Control over natural resources: Aceh is to retain 70 percent of revenues from its natural resources. But Article 160 stipulates that the management of oil and gas resources in Aceh will be done jointly by the provincial administration and the central government. This is a departure from earlier pledges by Indonesian lawmakers that the Acehnese administration could manage its own resources.

Role of the Indonesian military: The peace accord stipulated that the Indonesian military would be stationed in Aceh only for national defense and would not participate in provincial affairs. But Article 193 of the law gives the army powers within the province.

Human rights: Perpetrators of human rights violations will likely escape justice. An ad-hoc tribunal (Article 215) will only hear cases that occur after its establishment, rather than having retroactive powers.

Aceh even lacks the ability to levy its own taxes, apart from a trivial “alms” tax for poor relief. Thus, Aceh’s autonomy is far less than that enjoyed by, say, Rhode Island. The only new autonomy Aceh received in the peace deal was the right to form local political parties. Otherwise, the main provision was to transfer significant hydrocarbon revenues to the province. With one hand, the Indonesian government double-crossed the former rebels and took away their ability to go their own way on economic policy, and with the other, they bought them off — but of course, that bribe comes with an implicit threat: behave or else we take it back.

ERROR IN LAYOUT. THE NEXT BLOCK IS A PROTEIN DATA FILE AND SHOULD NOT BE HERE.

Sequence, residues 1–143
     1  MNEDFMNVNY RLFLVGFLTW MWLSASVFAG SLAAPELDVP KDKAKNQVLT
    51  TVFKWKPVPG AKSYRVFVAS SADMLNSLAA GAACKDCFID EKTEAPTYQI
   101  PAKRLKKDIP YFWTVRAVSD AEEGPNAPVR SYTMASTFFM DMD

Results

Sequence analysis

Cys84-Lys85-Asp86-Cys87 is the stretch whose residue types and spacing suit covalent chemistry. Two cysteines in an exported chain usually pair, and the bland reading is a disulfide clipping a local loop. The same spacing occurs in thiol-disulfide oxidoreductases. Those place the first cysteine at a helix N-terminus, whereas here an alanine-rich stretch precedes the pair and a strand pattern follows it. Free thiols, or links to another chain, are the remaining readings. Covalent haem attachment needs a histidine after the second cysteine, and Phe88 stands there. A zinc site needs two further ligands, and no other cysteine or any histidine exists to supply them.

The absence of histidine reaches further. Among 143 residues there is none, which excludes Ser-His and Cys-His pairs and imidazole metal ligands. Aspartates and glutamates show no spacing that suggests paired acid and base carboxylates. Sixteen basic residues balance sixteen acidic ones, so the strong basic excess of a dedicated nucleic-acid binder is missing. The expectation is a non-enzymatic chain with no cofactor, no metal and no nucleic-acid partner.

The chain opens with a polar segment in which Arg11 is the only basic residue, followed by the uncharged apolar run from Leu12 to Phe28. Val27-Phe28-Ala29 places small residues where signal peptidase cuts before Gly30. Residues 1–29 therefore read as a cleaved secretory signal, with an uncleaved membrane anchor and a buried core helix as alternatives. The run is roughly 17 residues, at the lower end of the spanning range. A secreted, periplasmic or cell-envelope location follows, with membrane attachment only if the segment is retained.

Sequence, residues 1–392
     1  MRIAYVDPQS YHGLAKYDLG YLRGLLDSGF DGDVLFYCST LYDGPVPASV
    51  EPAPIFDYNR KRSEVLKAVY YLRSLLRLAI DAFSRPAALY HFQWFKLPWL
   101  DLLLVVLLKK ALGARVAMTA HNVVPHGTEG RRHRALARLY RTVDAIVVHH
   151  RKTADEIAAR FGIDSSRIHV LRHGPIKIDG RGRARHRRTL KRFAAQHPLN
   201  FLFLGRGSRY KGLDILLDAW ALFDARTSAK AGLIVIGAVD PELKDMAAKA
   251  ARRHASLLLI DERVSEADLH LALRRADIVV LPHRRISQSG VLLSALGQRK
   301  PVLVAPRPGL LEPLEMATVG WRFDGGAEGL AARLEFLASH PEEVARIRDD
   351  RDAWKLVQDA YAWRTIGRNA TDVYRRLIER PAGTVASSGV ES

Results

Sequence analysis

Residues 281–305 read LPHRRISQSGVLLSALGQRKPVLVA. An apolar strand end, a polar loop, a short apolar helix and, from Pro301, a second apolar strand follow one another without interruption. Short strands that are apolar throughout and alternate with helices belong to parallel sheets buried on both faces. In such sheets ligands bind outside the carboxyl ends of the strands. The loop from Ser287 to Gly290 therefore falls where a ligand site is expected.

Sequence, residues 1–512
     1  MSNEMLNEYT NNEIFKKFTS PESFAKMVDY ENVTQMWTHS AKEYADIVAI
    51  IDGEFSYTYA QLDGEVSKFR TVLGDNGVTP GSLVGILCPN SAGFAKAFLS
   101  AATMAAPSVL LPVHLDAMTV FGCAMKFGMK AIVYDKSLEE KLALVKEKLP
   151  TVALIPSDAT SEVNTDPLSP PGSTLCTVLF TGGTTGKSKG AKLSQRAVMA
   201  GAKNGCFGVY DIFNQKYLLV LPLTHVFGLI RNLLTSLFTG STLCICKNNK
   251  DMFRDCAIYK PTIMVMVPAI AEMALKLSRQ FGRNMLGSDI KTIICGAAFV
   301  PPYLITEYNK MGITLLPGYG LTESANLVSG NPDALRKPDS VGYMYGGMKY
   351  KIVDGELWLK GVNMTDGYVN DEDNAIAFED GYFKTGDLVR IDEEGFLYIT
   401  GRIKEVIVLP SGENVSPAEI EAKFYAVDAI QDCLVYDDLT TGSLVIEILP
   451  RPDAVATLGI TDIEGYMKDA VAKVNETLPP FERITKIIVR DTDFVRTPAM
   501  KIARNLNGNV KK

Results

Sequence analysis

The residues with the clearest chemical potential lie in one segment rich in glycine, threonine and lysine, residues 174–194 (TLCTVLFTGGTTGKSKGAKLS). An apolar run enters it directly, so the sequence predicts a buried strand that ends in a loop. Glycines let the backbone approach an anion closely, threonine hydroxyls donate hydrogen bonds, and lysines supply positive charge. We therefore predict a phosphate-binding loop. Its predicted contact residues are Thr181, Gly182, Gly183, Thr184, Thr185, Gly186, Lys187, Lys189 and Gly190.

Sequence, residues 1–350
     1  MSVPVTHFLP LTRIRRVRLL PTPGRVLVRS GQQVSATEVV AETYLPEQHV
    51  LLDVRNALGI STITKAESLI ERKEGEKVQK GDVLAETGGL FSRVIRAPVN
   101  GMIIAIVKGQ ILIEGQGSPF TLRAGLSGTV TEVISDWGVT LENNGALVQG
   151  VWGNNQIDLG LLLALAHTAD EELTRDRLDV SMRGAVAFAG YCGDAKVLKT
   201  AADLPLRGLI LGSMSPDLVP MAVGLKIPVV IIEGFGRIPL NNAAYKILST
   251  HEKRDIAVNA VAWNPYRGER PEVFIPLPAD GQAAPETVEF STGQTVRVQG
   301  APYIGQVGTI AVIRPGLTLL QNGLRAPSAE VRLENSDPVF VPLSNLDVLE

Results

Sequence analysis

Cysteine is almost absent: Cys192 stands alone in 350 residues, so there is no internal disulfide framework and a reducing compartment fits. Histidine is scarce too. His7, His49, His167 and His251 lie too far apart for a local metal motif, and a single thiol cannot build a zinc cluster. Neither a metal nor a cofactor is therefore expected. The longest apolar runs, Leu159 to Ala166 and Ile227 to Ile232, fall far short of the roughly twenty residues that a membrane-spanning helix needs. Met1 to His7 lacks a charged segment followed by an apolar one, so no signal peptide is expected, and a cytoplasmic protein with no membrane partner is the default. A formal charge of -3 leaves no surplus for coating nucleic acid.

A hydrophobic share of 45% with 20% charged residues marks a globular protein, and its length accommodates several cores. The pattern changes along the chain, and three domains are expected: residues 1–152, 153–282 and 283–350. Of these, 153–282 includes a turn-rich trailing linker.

How did the Indonesian government get away with the double-cross? Simple: Continue Reading »

George Will (Washington Post) has an interesting essay on “progressivism’s ratchet.” His “Cupcake Postulate” illustrates the dynamic: federal school lunch subsidies lead to regulation of food content,which justifies the regulation of competing foods from vending machines, and—finally—whether cupcakes sold at bake sales meet federal standards. Government authority spreads—“the cupcake-policing government” finds “unending excuses for flexing its muscles”– and soon we enter a world where officials exercise little discretion or forethought.

Swollen government has a shriveled brain: By printing and borrowing money, government avoids thinking about its proper scope and actual competence. So it smears mine-resistant armored vehicles and other military marvels across 435 congressional districts because it can.

For those interested in the connection between the regulation of school bake sales, police force militarization, and skepticism regarding foreign policy, Will has some worthwhile insights.